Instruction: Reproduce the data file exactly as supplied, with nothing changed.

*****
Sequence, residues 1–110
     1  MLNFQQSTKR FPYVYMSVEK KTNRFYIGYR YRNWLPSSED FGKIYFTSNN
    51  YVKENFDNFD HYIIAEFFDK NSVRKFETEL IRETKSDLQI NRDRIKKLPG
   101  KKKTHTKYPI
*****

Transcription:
Sequence, residues 1–110
     1  MLNFQQSTKR FPYVYMSVEK KTNRFYIGYR YRNWLPSSED FGKIYFTSNN
    51  YVKENFDNFD HYIIAEFFDK NSVRKFETEL IRETKSDLQI NRDRIKKLPG
   101  KKKTHTKYPI